By the time I went back to work she was able to put herself to sleep for naps and bedtime. The naps were still 30 minutes only. But when I returned to work it lengthened by itself – like it was a developmental stage.

Little Sis is 18 months now, and she has always been a darling sleeper.  Of course she has her moments of regression and issues now and then. But we keep track of her routine and adjust it as she grows up.

A post shared by Cherralle (@mydailycake_) on

I bet as soon as I hit publish Murphy’s Law will change my darling sleeper!

Tell me, have you been thinking of hiring a sleep consultant?

Tips for Juggling A Three Year Old And a Newborn (Our Story)

Juggling a three-year-old and a newborn in tow will test your parenting skills!

I had written before about how chaotic it was for me when I came home with my second baby. It was a complete shock to my system.   My life was utter chaos. Sweet chaos. But chaos nonetheless.

It was hard on everyone, including Caitlyn (my three year old).

For the first few weeks, it felt as if we were only telling Caitlyn:

– to ‘be quiet.’
– that I can’t carry her
– that she cannot sleep with me.

Only telling her things she cannot do.

Patience was very thin; energy levels were low. I was not prepared.

[bctt tweet=”Juggling a three-year-old and a newborn will test your parenting skills.” username=”cherralle_”]

Caitlyn threw the most intense tantrums during this time

During one epic tantrum episode, a ‘concerned neighbour’ came by to ‘check up on us’. At this point, I already SOSed (whatsapped) my husband to:

‘Please, COME HOME NOW! I don’t care what meeting you are in.’

Ava on the other hand, was a relatively calm baby. She needed to be continuously held and needed a lot of cuddling to fall asleep (as a newborn that was expected). Till today, Ava remains a very affectionate toddler, I think that is her vibe.

Regression hit us hard

Caitlyn reverted to waking up at 4 am during those days, and she wanted only me.

I only have two hands!

My thinking was that Caitlyn was three years old and she can remember. How I engage with her will have a lasting impact on her relationship with me and her bond with her sister.

Although Ava needed a lot of care and attention, I had to find a way to maintain a connection with my eldest.

Creating space to find one on one time with my three year old was vital for me

Although I felt overwhelmed, I carved out playtime with Caitlyn during my maternity leave.

Caitlyn was also on school holidays when Ava was six weeks old. So I had them both to myself. All day! Luckily I was not alone during the day. I had a helper in the day.

Here are six tips on how to juggle a three-year-old and a newborn.

6 Tips For Juggling a Three Year Old and a Newborn


newborn and three year old


Wear your baby

Wearing your baby provides you with an extra set of hands. I had a cloth wrap and a Tiny Love – Tiny Hugs Carrier. The Tiny Love Carrier was freaking amazing!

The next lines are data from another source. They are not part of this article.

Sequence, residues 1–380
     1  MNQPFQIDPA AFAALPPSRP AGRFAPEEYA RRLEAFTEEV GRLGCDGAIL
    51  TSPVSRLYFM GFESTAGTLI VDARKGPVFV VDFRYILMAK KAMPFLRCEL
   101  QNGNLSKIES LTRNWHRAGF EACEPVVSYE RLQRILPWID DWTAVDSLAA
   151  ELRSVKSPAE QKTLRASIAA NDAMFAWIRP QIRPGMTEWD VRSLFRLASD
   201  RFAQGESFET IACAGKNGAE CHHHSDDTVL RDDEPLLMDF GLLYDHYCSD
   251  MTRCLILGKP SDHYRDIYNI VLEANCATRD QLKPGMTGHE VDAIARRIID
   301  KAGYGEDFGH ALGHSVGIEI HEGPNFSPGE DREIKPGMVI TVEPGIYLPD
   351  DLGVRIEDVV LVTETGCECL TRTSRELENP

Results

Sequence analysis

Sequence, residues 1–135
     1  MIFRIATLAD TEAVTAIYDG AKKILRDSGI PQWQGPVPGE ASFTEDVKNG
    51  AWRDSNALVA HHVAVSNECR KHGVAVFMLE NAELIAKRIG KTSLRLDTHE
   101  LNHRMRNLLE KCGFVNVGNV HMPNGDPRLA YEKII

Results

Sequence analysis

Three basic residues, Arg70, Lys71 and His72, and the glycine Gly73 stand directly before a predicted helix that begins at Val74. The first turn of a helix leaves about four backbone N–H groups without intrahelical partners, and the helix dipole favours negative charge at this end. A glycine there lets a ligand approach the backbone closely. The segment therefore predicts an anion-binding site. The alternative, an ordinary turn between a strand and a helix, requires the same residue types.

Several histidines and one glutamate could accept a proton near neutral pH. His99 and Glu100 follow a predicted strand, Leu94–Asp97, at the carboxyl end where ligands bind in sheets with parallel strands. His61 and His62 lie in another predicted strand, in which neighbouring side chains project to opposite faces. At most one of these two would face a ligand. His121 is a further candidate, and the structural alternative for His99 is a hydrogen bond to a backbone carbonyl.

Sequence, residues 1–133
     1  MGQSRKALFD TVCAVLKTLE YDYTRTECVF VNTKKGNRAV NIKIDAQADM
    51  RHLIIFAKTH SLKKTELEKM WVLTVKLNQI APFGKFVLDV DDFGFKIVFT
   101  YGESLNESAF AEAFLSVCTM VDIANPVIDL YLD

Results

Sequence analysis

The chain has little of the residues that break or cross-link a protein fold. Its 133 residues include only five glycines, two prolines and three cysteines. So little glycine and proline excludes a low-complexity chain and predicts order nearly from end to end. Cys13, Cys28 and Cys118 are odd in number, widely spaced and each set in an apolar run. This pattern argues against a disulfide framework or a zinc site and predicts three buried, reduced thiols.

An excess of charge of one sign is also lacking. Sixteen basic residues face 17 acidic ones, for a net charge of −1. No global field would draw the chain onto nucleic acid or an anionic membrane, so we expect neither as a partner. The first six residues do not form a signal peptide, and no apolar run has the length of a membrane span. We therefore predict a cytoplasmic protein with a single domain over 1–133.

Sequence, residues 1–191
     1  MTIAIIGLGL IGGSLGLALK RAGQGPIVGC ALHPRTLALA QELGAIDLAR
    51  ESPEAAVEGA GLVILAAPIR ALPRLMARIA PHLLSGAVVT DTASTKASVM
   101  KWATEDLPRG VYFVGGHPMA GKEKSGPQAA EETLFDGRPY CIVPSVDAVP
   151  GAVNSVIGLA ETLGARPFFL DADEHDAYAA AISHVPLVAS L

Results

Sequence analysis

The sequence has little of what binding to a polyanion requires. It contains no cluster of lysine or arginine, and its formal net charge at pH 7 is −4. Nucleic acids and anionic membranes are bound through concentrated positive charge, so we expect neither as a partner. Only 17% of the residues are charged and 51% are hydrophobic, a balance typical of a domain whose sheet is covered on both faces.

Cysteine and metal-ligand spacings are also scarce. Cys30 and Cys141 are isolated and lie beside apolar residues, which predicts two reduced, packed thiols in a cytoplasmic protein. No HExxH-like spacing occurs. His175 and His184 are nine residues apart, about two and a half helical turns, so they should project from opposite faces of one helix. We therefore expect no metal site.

I loved it so much.

I could carry and cuddle  our newborn baby while playing with Caitlyn.

RELATED: Are You Thinking Of Hiring A Sleep Consultant? Here is Our Story To Help You Decide

Recreate your family’s routine

Establish a new family routine. Before Ava came home, we had a lovely organized family evening routine. We had dinner together and cleaned up together.  However, we could not sustain it.

We changed our whole routine. Brought Caitlyn’s supper earlier, so that at least she can be done eating by the time the bath routine started for the baby (around 17h00 ish). Then Caitlyn still needed to bath.

At that point I was not okay to do bath them together.

Come to think of it, this routine did not work out. Only when we placed the girls on a synchronizes evening routine, we started to settle. Now they eat and bath together.

It does not matter how chaotic it gets, at least I know there is an end in sight. Early bedtimes are a non negotiable in our home (unless there is a special occasion).

Let your older child help out and get involved

Get your older child involved by asking her to fetch things for the baby.

When I put the baby down, and we sing ‘Twinkle Twinkle’ I also got Caitlyn to sing it with me. It was much better than saying ‘keep quiet please, mommy is putting the baby down.’

When it was time for the baby to sleep, of course my three year old never kept quiet. She always seemed to appear needing something (loudly) at the very moment the baby was settling down.

[bctt tweet=” #3 Let your older child help out, by asking them to fetch things or sing lullabies to the baby.” username=”cherralle_”]

When the baby is sleeping, spend alone time with your toddler

When the baby slept, I was with Caitlyn. No sleeping when the baby sleeps for me.

I watched TV with her, brushed her hair, ate with her, etc.

If you have a caregiver, use them

If you have a caregiver, leave the baby with the caregiver for thirty minutes will be okay.

I started leaving Ava for short periods from about six weeks old. If she was fed, rested and happy it was cool. Taking Caitlyn outside (just the two of us) for some play time was great (tiring but it was necessary).